The hygiene hypothesis, suggesting that low exposure to pathogens early in life can increase the risk for immune-mediated diseases, has been proposed as an explanation for the increase in incidence of allergy and autoimmune diseases in industrialized countries during the last decades. Several aspects of the hygiene hypothesis have been related to MS. Already in 1966, the risk of MS was suggested to be higher in individuals with high hygienic standard during childhood. Further, an episode of infectious mononucleosis is an independent risk factor for MS and can be regarded as an indicator of low exposure to pathogens early in life, as infection with Epstein-Barr virus often is asymptomatic when it occurs in young children. Conflicting results have been reported regarding number of siblings, attendance in a day care center and exposure to animals during childhood in relation to MS risk, but common childhood infections and vaccinations do not seem to influence the risk of MS. In line with the hygiene hypothesis, two large meta-analyses have recently shown that infection with Helicobacter pylori is negatively correlated with MS. Moreover, a protective influence of helminth infection on MS has been observed in several, small clinical studies, but more knowledge is needed before a potential role of helminth-derived therapy in MS is determined. Also, it has been hypothesized that infection with the parasite Toxoplasma gondii could be protective against MS.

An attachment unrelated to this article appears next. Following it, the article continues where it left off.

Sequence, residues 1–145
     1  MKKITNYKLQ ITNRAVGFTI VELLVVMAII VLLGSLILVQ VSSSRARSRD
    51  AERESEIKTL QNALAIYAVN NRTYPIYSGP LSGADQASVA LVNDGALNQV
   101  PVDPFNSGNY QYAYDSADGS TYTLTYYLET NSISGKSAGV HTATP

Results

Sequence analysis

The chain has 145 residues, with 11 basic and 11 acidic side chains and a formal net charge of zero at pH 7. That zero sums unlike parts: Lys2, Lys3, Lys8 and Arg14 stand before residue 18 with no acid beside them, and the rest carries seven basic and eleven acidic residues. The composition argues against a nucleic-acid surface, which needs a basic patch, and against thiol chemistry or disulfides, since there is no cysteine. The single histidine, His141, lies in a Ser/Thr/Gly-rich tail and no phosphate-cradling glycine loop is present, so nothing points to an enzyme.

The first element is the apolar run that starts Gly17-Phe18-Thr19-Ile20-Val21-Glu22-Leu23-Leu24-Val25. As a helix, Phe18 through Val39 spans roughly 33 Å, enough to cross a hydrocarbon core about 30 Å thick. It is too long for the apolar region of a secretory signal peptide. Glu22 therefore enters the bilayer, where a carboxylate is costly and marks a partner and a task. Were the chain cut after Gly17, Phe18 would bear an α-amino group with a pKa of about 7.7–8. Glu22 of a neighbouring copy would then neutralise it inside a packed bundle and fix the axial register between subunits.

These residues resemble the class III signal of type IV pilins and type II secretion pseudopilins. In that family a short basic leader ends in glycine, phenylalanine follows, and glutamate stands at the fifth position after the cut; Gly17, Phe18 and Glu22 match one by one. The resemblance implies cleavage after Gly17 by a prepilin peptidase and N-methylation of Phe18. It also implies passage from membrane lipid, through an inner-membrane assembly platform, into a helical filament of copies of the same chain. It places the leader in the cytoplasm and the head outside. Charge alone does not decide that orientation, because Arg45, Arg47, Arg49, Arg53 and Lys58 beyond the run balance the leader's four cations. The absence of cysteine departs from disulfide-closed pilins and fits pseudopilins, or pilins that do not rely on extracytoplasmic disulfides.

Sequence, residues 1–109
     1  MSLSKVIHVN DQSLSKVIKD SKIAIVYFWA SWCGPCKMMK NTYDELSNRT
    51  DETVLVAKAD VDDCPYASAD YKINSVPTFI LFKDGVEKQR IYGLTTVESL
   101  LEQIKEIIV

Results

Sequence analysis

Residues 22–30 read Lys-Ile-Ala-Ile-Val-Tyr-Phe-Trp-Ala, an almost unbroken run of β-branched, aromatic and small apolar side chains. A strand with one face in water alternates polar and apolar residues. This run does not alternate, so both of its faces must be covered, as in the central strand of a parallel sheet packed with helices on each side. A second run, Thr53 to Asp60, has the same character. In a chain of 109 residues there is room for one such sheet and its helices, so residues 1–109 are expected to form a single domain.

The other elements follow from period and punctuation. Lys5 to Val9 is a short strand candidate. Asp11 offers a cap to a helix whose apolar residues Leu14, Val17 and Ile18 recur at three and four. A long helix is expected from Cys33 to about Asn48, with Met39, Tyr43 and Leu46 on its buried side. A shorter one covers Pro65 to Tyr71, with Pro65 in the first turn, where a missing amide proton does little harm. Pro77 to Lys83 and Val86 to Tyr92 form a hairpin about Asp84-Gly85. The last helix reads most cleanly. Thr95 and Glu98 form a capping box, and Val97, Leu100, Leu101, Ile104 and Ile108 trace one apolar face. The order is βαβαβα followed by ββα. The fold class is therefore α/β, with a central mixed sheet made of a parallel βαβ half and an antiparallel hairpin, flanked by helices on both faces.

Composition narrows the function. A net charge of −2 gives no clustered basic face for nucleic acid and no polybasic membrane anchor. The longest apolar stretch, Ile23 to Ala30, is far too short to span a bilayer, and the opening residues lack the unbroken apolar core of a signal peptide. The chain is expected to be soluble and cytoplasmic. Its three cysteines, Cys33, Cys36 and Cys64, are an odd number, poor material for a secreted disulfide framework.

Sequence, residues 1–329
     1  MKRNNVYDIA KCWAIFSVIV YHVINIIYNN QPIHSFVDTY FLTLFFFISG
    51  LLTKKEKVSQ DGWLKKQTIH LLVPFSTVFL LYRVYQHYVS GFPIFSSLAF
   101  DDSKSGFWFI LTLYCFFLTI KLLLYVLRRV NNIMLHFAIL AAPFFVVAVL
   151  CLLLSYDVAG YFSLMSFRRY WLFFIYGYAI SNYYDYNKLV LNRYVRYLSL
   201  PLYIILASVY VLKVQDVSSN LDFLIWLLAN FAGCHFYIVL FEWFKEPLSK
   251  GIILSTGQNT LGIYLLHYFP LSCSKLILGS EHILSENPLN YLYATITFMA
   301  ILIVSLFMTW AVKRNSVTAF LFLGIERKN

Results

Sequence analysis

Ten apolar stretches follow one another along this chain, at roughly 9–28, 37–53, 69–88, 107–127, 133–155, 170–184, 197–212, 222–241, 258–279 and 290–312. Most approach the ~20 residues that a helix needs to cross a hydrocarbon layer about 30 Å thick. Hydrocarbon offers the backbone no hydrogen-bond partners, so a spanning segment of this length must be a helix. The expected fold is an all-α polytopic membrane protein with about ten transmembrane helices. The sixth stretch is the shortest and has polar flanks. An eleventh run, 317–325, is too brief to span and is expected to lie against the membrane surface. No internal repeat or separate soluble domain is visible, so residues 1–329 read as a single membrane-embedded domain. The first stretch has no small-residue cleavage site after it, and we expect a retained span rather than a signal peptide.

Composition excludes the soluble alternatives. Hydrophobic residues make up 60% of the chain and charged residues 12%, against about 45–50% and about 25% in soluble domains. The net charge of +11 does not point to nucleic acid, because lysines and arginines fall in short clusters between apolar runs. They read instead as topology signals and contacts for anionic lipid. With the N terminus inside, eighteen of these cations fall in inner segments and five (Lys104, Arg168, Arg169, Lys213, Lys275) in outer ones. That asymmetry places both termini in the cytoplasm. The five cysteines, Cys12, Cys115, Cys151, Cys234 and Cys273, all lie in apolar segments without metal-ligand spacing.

Keywords: helminth-derived therapy; multiple sclerosis; the hygiene hypothesis.
© 2017 John Wiley & Sons A/S. Published by John Wiley & Sons Ltd.